All the money you collect with a Money Pool goes to your Money Pool’s balance. You can transfer it at any time to your PayPal account balance. From there you can transfer to a bank account or spend it online at any of the millions of sellers that accept PayPal. Note that PayPal is not responsible for ensuring that money collected is spent according to the purpose set out in a Money Pool.
Contributing to a Money Pool is easy. Just click the Chip In button on the Money Pool page. Your contribution will be sent in the default currency of the organizer. If you’re contributing in a different currency, you may be charged a currency conversion fee. Read more details about fees here.
Your contribution, name and picture (if applicable) will be added to the list of contributors on the Money Pool page. You consent to have your details displayed when you contribute, unless you choose to be anonymous by checking the appropriate box when you chip in. Only the organizer will be able to see your full details. But be sure you know the person that you are sending the payment to.
You can transfer money you’ve collected to your PayPal account balance at any time. From there you can transfer it directly into your linked bank account.
- Click Details in the Money Pools module.
- Select the Pool you’d like to transfer from.
- Click Manage Pool.
- Click Transfer Money.
If you want to end a Money Pool Log in to your PayPal account, click on Details in the Money Pools module.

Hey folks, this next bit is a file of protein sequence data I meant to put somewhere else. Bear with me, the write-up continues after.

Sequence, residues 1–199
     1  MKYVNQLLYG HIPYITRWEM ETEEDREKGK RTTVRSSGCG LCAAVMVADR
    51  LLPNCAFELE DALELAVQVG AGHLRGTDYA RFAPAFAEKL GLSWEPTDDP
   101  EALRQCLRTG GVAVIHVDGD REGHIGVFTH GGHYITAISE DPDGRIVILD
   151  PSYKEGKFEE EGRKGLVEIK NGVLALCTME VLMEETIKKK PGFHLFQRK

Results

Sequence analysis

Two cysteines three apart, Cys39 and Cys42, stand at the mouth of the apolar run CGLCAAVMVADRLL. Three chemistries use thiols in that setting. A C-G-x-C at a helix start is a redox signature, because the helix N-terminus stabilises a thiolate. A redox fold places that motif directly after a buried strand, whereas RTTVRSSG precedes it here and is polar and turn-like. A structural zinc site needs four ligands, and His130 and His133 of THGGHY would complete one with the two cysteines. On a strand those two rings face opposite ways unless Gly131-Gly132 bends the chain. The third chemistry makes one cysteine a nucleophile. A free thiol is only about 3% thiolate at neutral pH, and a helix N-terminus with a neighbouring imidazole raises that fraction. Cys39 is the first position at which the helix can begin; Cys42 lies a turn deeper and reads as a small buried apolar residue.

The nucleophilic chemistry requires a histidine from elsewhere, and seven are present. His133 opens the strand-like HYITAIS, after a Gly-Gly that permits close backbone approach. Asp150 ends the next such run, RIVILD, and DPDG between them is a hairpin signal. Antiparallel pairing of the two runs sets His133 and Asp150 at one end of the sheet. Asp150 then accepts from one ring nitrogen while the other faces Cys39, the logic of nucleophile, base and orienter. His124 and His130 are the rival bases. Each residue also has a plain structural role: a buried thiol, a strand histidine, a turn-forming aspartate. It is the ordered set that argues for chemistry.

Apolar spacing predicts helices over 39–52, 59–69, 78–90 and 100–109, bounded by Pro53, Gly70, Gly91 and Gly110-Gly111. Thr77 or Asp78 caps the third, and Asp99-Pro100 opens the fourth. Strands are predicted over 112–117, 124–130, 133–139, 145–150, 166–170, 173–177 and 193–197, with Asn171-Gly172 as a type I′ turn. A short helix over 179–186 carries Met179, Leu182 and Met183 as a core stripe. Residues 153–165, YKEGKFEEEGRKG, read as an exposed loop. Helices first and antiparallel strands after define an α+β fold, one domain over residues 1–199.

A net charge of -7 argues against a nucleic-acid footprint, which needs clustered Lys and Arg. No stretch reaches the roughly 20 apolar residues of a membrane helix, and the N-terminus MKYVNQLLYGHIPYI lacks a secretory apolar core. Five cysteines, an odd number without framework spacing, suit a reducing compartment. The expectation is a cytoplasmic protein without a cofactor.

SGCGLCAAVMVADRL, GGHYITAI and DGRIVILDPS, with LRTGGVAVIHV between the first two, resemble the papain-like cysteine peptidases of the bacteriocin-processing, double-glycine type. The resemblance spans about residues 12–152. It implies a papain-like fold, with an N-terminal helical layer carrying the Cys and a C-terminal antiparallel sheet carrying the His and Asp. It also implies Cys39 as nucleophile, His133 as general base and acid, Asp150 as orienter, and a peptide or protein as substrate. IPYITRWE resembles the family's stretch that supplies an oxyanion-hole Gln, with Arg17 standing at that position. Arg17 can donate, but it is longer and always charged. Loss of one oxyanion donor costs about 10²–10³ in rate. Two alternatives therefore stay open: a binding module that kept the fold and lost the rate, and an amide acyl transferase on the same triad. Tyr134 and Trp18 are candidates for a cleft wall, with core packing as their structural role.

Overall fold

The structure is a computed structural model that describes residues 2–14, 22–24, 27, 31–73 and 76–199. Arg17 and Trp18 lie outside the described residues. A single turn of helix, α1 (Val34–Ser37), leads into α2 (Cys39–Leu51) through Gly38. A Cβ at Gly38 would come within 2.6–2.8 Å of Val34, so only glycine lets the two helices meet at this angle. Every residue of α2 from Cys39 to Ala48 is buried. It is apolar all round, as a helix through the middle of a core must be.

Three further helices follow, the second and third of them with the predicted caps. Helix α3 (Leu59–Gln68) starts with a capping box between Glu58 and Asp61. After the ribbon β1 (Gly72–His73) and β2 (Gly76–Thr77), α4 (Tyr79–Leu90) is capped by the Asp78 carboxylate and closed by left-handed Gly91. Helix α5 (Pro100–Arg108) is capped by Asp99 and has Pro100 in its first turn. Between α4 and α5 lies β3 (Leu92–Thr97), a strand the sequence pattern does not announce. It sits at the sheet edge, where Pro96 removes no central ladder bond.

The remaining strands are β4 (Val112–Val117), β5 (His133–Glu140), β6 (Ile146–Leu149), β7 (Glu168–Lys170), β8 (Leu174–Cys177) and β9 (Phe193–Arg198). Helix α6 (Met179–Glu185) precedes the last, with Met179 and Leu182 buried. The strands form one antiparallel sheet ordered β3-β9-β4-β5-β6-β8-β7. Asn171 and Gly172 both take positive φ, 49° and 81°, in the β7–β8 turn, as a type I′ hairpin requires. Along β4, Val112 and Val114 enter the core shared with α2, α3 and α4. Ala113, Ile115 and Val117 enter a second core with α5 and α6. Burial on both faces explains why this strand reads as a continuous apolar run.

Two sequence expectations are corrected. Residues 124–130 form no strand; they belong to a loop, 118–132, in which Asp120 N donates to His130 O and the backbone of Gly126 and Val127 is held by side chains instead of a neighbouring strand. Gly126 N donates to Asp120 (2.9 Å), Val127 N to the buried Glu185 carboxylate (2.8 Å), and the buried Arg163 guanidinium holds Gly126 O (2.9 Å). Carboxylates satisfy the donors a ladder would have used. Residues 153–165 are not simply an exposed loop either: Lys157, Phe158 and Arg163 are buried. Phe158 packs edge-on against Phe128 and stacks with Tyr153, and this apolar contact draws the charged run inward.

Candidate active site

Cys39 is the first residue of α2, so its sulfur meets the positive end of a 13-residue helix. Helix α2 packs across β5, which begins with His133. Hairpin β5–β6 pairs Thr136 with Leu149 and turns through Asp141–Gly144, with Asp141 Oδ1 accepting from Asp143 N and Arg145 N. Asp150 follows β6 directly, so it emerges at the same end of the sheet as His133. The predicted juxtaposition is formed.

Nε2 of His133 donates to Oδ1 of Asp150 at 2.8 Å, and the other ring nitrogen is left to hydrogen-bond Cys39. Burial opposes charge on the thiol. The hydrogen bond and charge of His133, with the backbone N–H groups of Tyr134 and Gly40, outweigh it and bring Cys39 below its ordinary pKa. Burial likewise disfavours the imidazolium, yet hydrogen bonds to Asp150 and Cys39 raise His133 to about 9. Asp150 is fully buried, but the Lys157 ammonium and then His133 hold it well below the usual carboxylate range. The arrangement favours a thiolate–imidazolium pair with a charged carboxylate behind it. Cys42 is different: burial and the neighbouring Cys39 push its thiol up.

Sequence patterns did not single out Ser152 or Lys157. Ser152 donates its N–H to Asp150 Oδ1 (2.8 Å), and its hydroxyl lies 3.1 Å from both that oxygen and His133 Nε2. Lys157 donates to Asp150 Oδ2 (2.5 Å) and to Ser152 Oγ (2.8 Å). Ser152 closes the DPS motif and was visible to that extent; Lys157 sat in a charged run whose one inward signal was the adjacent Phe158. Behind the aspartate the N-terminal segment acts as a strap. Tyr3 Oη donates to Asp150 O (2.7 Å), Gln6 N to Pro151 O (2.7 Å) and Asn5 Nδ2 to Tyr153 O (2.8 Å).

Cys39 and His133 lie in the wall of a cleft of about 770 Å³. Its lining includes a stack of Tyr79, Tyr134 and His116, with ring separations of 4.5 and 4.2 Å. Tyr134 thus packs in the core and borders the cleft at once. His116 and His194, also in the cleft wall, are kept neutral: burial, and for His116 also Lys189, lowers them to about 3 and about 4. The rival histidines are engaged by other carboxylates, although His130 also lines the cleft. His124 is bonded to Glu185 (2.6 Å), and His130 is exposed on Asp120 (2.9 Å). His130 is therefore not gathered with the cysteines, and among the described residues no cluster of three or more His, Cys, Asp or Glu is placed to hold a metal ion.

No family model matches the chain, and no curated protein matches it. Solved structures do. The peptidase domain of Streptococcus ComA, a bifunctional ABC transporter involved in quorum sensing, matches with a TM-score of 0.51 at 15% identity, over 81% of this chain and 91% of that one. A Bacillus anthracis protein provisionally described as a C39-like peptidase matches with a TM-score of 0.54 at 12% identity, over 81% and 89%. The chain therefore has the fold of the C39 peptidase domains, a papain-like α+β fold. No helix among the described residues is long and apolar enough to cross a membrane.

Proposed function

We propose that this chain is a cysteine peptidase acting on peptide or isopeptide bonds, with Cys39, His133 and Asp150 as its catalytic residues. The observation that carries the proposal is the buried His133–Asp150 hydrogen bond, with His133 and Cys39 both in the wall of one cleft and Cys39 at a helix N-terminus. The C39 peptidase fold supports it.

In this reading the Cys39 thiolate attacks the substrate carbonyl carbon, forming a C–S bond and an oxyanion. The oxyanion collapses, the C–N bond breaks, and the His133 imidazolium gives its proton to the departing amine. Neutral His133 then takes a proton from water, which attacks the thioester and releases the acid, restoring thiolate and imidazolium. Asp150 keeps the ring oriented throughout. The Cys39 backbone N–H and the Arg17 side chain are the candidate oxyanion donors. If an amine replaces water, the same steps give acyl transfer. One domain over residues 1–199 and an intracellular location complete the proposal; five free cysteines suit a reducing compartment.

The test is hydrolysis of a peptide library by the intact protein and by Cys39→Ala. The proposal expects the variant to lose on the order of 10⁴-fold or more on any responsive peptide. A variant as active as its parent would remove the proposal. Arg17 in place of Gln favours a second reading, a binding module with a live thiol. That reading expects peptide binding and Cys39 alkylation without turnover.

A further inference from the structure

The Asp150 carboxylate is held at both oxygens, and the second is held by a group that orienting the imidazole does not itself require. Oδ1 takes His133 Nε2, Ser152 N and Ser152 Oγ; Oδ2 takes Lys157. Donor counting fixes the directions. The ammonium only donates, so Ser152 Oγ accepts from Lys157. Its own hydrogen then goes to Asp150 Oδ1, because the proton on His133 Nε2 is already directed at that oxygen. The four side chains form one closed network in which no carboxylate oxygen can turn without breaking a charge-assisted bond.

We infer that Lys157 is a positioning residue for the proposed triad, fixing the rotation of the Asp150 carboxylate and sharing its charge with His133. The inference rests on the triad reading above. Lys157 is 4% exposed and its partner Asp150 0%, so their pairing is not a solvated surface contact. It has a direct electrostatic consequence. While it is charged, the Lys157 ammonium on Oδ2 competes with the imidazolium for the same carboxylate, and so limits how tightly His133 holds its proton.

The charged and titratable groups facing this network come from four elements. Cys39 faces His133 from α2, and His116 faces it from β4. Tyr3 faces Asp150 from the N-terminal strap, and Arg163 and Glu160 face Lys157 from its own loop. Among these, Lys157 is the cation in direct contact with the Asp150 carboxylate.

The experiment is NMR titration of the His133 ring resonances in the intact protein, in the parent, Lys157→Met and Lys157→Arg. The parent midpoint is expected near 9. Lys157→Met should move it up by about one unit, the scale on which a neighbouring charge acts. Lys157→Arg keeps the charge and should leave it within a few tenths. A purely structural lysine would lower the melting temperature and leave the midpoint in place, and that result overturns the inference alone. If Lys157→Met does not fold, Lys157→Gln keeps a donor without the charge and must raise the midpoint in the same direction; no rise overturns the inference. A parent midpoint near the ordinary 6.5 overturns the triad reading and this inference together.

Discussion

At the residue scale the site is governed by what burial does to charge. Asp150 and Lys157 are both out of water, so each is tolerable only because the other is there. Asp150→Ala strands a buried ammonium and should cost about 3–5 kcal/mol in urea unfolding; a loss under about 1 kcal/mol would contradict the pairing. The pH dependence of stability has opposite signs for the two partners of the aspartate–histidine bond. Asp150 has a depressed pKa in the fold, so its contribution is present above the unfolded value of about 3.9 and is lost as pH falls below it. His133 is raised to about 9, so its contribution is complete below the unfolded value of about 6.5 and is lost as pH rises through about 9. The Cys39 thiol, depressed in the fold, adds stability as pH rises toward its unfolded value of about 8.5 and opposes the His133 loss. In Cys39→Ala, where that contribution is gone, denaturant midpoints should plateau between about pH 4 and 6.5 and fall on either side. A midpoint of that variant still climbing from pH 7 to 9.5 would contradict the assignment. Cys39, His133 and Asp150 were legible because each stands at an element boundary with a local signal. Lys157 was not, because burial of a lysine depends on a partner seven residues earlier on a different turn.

- Select the Pool you’d like to end.
- Click Manage Pool.
- Click Edit Pool.
- Find End date and click Edit.
- Click End Pool Now. From this point, nobody will be able to contribute to your pool.
Your Money Pool is visible to anyone who has the link, i.e. anyone you or your friends have shared it with. No one will be able to find your Money Pool via a search engine. If you choose to display your contributor details, your incoming transactions will be visible to anyone who visits the Money Pool.
Why Money Pools were created?
Money Pools were created to provide the millions of people who already use PayPal P2P with a more personalized and organized way to share expenses with more than one family member or friend for things like travel, gifts, celebrations and even recurring expenses like rent and utilities. This feature could help stressed holiday shoppers plan their gifts and keep a track of money for group gifts and holiday travel within their PayPal account.
Money Pools could also ease the burden of having to pay the upfront for the full cost of a group gift, and having to chase people to pay you back.
Pools are not intended to facilitate fundraising for activities such as product development and organizers agree not to offer perks, rewards, or other incentives in return for contributions made to a Money Pool.
PayPal’s 2013 acquisition of Braintree (the e-commerce payments provider that competes with Stripe) gave it ownership the well-regarded peer-to-peer money transfer service Venmo, and lately PayPal seems to be taking more steps to give social payments a push. Recent developments have included letting people pay each other money through Facebook Messenger and the ability for retailers to accept Venmo-powered payments.